The Student Newspaper of Highline College

Pandemic feels like the end of education

Cece Onyema Staff Reporter Feb 18, 2021

The pandemic took the entire country by storm, and while schools and colleges were quick to reopen online, many of us don’t really feel like we’re back in class.  

Don’t get me wrong, the massive workload does bring back a sense of normalcy, but I miss awkward eye contact in the library, having to walk too far too early in the morning, and hanging out in the Student Union. 

School routines are important coping mechanisms for young people. Highline students say they miss being on campus and feel that this new normal is getting old.

Reduced social interactions, a lack of social support, and newly arising stressors associated with the COVID-19 crisis could affect students’ mental health negatively.

“Not being on campus is a bit sad and is something that I thought I could always do. I never saw Covid coming,” said Highline student Dyvhon Fonoti. “This is my third quarter taking full online classes and I miss going to in person classes. Some classes I would very much prefer in person just because I can’t learn through a screen.”

“I feel as though I learn better being in face-to-face classes. I am used to online classes by now and I might feel a bit more comfortable doing work at home but I do miss being on campus and interacting with students and teachers,” said another student, Anisa Dahir.

It’s not all bad. I personally thought I was going to hate online classes; I’ve always been the student that has questions all through class and then a few more after. Learning online has given me a sense of accountability and agency over my education. 

I never thought that I would/ cared to find a system that worked for me (utilizing a planner and finishing work early), until I felt like I might flunk out if I didn’t. Now I’m ready to return to class; not only because I miss interacting with people my age, but also because I have found the best way of approaching my workload.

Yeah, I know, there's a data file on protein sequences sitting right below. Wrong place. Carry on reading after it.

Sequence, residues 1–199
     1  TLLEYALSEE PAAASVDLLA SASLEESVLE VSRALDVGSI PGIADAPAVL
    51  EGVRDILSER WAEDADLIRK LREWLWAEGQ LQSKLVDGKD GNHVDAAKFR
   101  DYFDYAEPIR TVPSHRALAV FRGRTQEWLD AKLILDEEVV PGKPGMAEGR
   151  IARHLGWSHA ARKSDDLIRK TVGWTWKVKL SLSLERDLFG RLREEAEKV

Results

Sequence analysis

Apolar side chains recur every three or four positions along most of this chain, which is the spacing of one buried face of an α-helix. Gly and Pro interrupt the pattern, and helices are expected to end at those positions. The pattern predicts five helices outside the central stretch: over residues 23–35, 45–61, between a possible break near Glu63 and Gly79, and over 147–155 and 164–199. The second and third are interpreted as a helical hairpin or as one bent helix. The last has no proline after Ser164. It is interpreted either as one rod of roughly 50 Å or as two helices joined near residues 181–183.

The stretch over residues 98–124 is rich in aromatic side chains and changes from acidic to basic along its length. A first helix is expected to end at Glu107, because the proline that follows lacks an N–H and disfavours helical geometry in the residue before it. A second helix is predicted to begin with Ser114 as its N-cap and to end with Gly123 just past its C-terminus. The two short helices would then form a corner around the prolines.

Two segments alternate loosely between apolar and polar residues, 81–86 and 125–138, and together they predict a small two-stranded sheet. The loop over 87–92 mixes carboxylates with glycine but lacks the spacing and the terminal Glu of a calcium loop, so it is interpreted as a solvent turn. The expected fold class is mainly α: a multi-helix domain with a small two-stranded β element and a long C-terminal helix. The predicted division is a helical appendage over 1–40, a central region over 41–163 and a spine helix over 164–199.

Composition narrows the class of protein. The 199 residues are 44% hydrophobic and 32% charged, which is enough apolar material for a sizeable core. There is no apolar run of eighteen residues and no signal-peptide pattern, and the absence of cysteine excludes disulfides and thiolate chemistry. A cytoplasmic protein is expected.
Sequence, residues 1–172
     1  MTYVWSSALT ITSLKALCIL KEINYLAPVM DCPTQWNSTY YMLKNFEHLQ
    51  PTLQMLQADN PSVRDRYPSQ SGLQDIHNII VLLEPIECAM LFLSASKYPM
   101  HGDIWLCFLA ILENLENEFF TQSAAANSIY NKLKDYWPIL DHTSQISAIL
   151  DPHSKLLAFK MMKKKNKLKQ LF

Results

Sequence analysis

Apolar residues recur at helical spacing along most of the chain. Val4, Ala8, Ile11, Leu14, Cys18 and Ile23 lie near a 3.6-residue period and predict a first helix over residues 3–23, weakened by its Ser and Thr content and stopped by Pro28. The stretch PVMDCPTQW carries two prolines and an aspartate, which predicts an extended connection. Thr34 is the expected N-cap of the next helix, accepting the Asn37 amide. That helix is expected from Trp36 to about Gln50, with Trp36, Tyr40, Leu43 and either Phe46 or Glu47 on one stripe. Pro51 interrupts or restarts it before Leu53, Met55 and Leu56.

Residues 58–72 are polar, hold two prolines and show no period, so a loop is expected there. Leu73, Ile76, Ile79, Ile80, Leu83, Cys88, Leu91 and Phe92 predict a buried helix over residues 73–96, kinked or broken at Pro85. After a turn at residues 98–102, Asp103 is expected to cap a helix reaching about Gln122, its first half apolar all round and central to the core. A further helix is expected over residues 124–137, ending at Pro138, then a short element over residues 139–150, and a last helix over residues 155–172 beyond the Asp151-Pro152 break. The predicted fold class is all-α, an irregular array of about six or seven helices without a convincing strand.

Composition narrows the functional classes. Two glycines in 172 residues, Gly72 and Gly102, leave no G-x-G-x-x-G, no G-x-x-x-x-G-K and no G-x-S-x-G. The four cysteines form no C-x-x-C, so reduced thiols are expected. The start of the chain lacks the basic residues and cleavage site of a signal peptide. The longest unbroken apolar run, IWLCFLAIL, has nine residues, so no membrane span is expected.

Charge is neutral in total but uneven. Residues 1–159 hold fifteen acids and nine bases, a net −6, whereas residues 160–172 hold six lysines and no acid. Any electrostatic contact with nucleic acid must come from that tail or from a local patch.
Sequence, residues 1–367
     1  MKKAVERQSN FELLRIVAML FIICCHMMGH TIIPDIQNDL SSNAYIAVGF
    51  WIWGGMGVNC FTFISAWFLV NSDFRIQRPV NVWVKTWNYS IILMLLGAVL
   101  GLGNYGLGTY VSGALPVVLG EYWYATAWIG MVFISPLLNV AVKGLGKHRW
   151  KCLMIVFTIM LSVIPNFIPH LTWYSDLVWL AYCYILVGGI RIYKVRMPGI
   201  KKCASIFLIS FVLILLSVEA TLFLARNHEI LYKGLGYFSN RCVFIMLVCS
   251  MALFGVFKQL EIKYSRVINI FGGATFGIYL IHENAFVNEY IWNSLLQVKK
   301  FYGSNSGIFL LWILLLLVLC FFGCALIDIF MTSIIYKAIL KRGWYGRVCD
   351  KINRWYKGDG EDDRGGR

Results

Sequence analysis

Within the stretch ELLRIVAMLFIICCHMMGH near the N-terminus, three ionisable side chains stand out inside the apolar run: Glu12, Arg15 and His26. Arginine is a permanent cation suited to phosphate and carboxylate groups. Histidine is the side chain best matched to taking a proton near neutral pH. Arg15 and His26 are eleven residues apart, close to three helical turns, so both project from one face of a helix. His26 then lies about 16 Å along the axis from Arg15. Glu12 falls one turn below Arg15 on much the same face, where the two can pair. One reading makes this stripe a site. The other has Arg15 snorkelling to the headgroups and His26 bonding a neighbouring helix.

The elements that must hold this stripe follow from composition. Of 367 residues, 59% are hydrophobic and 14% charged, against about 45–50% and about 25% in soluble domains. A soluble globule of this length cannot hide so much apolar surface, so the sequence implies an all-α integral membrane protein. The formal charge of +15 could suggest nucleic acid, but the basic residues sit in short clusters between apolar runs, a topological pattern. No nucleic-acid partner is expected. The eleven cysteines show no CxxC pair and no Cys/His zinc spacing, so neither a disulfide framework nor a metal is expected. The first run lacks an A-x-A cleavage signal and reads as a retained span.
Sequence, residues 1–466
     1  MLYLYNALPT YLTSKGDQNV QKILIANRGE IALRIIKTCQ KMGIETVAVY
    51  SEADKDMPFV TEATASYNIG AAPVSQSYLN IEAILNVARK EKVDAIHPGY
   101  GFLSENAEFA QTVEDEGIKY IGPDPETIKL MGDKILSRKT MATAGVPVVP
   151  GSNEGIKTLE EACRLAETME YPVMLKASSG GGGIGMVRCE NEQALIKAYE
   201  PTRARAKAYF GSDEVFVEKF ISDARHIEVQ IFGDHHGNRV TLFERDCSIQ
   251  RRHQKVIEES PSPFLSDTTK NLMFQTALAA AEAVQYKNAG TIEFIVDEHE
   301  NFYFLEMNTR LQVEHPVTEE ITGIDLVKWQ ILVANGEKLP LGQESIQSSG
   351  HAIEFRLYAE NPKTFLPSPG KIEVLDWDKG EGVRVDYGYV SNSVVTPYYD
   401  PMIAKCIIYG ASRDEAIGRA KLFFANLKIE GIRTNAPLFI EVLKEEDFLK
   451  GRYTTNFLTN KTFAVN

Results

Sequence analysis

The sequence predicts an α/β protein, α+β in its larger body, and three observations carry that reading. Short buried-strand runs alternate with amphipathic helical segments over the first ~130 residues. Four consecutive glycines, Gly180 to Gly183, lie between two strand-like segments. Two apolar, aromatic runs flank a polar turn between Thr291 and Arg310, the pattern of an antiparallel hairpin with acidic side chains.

During this time of social and economic uncertainty, we’ve been told to self-reflect and the financial backlash of COVID-19 has made some students question continuing their educations right now. 

“Sometimes I wonder if I should put school on pause and wait for the pandemic to be over because I really don’t like being online,” Fonoti said. “With everything going on I feel so stressed and exhausted. When I was on campus and going to classes the only thing I had to worry about was myself; now I have a whole list of things to do and honestly doing homework is not my first priority.”

“During this pandemic I have not questioned attending college. I accepted that I will be doing work mostly at home early on and have continued to do work as I would if we weren’t in this pandemic,” said Dahir.

While social distancing measures may successfully slow down the spread of the virus and relieve the public health systems, they may eventually increase the social isolation of students and affect their psychological well-being. 

Many students have regrets about missed opportunities on campus. 

“When I use to be on campus, I would keep to myself a lot, I would just go to class and then back home. I do wish I joined any clubs or anything so that I would have been a more social person,” said Dahir. 

“Something I wish I could’ve done before was look for a club to join or a group,” Fonoti said. 

For some students, the reopening of the campus could mean another chance to get out there. For others, their health and wellbeing are their main concerns.

Being under a lot of pressure to perform academically doesn’t help anyone, which is magnified by the isolation of the pandemic. The social networks of students have been argued to be an important factor in buffering stress and helping them to be more effective.

Some students say they will try to expand those networks at school, when it is safe to do so.

“When I do go back to campus, I will join clubs and interact with my classmates more often,” Dahir said.

Obviously, we need to be cautious – COVID isn’t going away overnight. But when I do get back to school, I’m going to be more present. Not just sitting in a seat in a classroom, but more engaged with others whenever that’s possible.